Feature: Stravinsky and the Ballets Russes

Friday 9 April 2010

DVD - Stravinsky and the Ballets Russes Stravinsky and the Ballets Russes (DVD £22.99 & BLURAY £29.99)
- featuring The Firebird & Rite of Spring, with the Mariinsky Orchestra & Ballet & conductor Valery Gergiev.
Available through Dancebooks.co.uk
In celebration of the debut of the Ballets Russes in Paris in 1909, this Stravinsky evening at the Mariinsky Theatre showcases the original Nijinsky version of The Rite of Spring for the first time on DVD along with The Firebird, both conducted by Valery Gergiev. Thanks to the work of Millicent Hodson, Nijinsky’s original choreography has now been recreated, performed by the lead dancers and Ballet Company of the Saint Petersburg’s Mariinsky Theatre.

We have 5 DVD copies to give away! Just answer this question: In what year did the Ballet Russes first perform Le Sacre du Printemps and you’ll be entered into our prize draw. “enter here“:
Competition closed at 10am on 1 Sept 09

Reviewed by Graham Watts
At any quality, this is a ‘must’ for a balletomane’s DVD library. The fact that it’s amongst the finest high definition recordings of ballet that I’ve yet seen ought to take it mainstream. Add the fact that, under Valery Gergiev‘s direction, it is an exquisite recording of these Stravinsky classics, even further enhanced by the audio-only option in the menu, and this becomes a ‘must-have’ item.

The hidden gem is a half-hour interview with Millicent Hodson and Kenneth Archer, the duo responsible for painstakingly recreating *Le Sacre du Printemps* as first performed in 1913. Nijinsky‘s steps were not notated and since the nightly riot on the Champs Élysées forced it off the stage after only 8 performances, one can only imagine the immense work that must have gone into its reconstruction more than 70 years later. Thankfully, Marie Rambert – who had been Nijinsky’s assistant at the Ballets Russes – was still alive to pass crucial information to Hodson as she began the task. For anyone interested in the history of ballet or early twentieth century music and art, this little interview is of immense significance (but put the sound up because it’s sometimes a little quiet!).

Hodson describes Nijinsky as the “first choreographer” – believing all those that came before to be Ballet Masters who arranged highly disciplined steps into a heavily codified form. She sees Nijinsky as the much-maligned beginning of a family tree that led straight to Merce Cunningham. I was much struck by this reference, since when watching the reconstructed ‘Le Sacre du Printemps’ I had myself been attracted to the Cunningham link, especially at the end of the first part, when 44 dancers are performing distinct and separate solos simultaneously.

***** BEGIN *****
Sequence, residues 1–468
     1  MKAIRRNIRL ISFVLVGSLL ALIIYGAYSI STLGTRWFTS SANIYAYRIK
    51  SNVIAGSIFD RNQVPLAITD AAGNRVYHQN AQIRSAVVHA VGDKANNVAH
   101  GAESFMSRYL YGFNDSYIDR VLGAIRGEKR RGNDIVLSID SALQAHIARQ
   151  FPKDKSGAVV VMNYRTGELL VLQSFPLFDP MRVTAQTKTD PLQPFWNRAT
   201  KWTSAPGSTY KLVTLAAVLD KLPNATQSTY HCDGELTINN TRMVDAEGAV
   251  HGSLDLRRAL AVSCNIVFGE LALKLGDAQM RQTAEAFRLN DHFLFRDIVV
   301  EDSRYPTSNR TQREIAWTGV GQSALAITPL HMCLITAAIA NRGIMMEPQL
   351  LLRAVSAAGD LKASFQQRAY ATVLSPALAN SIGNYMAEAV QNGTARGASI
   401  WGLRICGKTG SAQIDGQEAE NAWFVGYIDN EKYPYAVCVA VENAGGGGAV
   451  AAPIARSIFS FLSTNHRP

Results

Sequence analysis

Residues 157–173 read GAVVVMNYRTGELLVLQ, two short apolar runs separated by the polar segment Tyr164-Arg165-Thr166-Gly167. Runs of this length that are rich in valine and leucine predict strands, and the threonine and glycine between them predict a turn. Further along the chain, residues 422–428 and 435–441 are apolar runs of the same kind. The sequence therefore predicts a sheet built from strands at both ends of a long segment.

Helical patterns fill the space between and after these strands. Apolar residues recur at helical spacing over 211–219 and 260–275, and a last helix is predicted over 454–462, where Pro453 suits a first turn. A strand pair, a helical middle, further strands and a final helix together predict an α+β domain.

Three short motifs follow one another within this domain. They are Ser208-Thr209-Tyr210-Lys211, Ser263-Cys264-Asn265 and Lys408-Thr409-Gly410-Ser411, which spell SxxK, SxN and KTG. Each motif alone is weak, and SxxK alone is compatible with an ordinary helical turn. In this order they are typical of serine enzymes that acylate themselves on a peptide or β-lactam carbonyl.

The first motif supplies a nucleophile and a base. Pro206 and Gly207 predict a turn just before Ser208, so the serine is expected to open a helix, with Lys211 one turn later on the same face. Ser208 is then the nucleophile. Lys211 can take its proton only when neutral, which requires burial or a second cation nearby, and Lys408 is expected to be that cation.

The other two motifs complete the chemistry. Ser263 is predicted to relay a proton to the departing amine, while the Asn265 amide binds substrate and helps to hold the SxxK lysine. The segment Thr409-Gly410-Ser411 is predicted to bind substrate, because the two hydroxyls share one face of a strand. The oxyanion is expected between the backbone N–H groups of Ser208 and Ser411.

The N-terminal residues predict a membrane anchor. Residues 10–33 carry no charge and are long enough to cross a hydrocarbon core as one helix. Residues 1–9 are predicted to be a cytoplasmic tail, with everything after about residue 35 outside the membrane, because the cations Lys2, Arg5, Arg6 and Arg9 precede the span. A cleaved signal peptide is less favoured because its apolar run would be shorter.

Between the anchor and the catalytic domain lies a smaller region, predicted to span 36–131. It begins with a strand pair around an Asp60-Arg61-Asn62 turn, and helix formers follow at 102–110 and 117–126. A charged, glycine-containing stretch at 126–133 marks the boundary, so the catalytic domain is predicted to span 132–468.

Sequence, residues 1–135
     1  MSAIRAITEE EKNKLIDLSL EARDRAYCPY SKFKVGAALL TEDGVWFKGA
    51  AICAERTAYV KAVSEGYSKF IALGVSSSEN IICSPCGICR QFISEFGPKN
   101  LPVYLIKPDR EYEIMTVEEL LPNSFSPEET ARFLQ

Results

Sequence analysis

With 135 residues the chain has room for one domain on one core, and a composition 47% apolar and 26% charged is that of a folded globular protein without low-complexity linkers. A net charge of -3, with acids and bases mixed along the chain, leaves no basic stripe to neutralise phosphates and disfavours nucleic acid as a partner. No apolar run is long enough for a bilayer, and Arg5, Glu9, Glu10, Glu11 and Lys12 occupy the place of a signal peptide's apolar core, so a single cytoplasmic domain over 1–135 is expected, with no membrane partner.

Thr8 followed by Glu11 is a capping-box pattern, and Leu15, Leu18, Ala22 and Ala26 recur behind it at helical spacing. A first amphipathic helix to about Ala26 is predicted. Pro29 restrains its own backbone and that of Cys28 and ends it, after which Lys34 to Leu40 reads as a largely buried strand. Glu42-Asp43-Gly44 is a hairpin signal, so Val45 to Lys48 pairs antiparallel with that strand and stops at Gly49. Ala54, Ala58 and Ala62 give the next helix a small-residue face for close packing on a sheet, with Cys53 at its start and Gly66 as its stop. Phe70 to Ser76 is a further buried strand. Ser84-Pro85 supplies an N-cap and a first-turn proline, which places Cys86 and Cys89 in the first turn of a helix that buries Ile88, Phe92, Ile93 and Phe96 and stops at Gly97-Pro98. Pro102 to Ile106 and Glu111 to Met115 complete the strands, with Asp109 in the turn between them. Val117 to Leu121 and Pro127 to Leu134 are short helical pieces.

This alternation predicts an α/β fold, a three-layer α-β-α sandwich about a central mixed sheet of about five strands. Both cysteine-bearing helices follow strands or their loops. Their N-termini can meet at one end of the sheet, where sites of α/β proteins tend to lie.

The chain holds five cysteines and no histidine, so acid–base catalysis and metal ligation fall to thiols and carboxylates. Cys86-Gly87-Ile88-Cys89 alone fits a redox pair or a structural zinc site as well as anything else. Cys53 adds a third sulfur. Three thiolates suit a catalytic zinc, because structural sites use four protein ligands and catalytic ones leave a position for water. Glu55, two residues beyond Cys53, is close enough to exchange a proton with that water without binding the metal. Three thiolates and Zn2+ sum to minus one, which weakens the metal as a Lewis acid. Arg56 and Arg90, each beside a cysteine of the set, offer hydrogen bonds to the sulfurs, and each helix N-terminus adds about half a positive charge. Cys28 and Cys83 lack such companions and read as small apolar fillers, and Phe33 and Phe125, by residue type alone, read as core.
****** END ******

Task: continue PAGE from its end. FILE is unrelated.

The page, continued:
The vivid clarity of both *L’Oiseau de Feu (The Firebird)* and *Le Sacre du Printemps (The Rite of Spring)* is striking throughout the film: both ballets run in one seamless performance, joined together by an interior panorama of the Mariinsky Theatre. Dance on film is often ruined by inappropriate editing and camera angles but here the director (Denis Caïozzi) has mostly a dancer’s eye for the shot. There are moments where a close-up is overdone (sometimes spoiling the fantasy in HD by getting into the make-up and under the mask) and although the low camera angles and shots from overhead add interesting perspective, repeated too often, they also lose the performance flow.

The performances themselves are dramatic and delightful, especially Ekaterina Kondaurova‘s imperious Firebird and Alexandra Iosifidi’s proud but scared ‘The Chosen One’. Kondaurova’s soaring jetés and rippling, fluid pas de bourreés are exemplary whilst Iosifidi’s stylistic, rousing pagan dance of death was mesmeric. Ilya Kuznetsov was a solid Ivan Tsarevich, especially in his partnering of Kondaurova, but it was a shame that each close-up captured a very obvious sniff. The reconstructed set and costume designs in both works look gorgeous in HD and the Firebird was permanently bathed in a luminous red glow that truly made her feathers appear to be ablaze.

In addition to the aforementioned interview with the reconstructors, the DVD opens with some lovely shots of modern-day St Petersburg and there’s also a brief but interesting documentary, in French with the option of English sub-titles, on Diaghilev and Stravinsky, which includes film of Iosifidi rehearsing her role as the Chosen One. There is also a fascinating and informative accompanying booklet with equal sections reproduced in French, English and German.

The star of the DVD is not any of the dancers but the conductor. Gergiev’s flowing, idiosyncratic technique and unwavering concentration is scrutinised in minute detail throughout both overtures and periodically during the film. The crisp clarity of both performances is simply as good as it gets and turned to audio mode this DVD will have another life doubling as a CD.

Review by Geoff Brown in the Times
“after two minutes of The Firebird the curtain rises and we’re dazzled by fairytale splendour. Reconstructions of the original 1910 designs of Alexander Golovin, Léon Bakst and Michel Fokine fill the screen with layered castles and foliage. Flying and leaping in Fokine’s reconstructed choreography comes the firebird herself (Ekaterina Kondaurova), sparking into life Fokine’s simple scenario of good trouncing evil. Watching and listening bring no disjunctions. Music and design blend like hand and glove, and Gergiev’s orchestra brings its own fusillade of colours. “
Read the full article, Times, 14 August 2009

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